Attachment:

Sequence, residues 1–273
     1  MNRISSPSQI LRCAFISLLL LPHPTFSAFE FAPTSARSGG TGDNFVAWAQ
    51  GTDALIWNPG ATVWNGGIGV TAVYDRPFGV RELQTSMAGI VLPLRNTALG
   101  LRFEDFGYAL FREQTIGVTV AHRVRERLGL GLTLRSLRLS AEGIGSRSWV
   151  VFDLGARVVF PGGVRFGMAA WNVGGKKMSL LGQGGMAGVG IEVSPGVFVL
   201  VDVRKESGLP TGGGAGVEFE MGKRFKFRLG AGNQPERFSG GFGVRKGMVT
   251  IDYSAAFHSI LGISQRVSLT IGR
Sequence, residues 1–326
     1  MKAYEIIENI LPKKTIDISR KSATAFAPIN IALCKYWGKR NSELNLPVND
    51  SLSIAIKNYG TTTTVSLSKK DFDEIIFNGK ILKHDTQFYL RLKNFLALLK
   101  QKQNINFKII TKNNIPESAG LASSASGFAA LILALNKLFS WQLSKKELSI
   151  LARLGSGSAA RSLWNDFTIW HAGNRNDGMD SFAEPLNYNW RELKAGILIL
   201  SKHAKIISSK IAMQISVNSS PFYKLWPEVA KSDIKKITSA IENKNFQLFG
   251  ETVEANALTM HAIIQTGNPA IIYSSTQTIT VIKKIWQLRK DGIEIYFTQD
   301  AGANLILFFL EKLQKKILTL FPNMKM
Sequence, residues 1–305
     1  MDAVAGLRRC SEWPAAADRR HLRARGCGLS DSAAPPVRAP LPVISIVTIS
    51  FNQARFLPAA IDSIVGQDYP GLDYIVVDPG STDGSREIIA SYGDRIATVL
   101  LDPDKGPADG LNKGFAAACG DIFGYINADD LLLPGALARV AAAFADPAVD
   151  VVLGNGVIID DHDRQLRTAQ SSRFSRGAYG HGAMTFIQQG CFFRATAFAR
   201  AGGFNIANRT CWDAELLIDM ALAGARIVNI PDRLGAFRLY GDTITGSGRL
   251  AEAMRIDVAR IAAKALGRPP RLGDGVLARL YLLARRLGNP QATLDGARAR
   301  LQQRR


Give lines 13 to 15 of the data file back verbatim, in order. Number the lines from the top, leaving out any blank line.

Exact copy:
   201  SKHAKIISSK IAMQISVNSS PFYKLWPEVA KSDIKKITSA IENKNFQLFG
   251  ETVEANALTM HAIIQTGNPA IIYSSTQTIT VIKKIWQLRK DGIEIYFTQD
   301  AGANLILFFL EKLQKKILTL FPNMKM